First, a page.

Japan Joins Race to Develop Tech That Sucks CO2 Out of the Atmosphere

November 17, 2021|Carbon Capture

Image by Schäferle from Pixabay

With more and more countries saying that decreasing greenhouse gas emissions isn’t enough to combat climate change, the idea of Direct Air Capture (DAC) has gained traction as a solution to cut atmospheric levels of CO2.

Japan initially ignored DAC as a theoretical technology that seemed less promising than Carbon Capture and Storage (CCS). This year, however, that stance changed. Not wishing to be left behind in global green innovation, the Cabinet Office launched an ambitious R&D initiative that includes efforts to create technology that pulls more CO2 out of the atmosphere than it emits.

For now, Japan is simply catching up. There are 15 DAC pilot plants already operating in the world, mostly led by startups in Switzerland (Climeworks), Canada (Carbon Engineering), U.S. (Global Thermostat), and the UK (Center for Negative Carbon Emissions), according to the IEA. Together they suck more than 9,000 Mt of CO2 from the atmosphere each year. Climeworks switched on the world’s biggest DAC plant just two months ago.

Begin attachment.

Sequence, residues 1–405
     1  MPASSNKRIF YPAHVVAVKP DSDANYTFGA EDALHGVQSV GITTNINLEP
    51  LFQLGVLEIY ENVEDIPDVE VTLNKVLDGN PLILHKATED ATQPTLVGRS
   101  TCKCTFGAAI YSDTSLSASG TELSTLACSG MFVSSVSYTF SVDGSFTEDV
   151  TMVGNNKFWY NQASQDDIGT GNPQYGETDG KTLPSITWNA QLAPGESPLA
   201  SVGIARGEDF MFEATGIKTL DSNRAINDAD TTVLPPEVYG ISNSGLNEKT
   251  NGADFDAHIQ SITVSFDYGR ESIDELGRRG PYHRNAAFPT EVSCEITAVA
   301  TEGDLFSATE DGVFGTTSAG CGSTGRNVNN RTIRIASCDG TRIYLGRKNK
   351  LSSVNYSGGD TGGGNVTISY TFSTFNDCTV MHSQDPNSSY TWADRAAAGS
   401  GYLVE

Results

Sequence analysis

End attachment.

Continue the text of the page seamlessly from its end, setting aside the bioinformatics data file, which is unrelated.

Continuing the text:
Still, Japan believes it can catch up and become a world leader by developing its own approach. The country’s DAC research is led by several groups of major scientific institutions and universities that are looking at ways to capture CO2 from discarded energy or via membrane separation, among other ideas. Armed with ample government funding, Japan could yet become a serious contender in the DAC arena.

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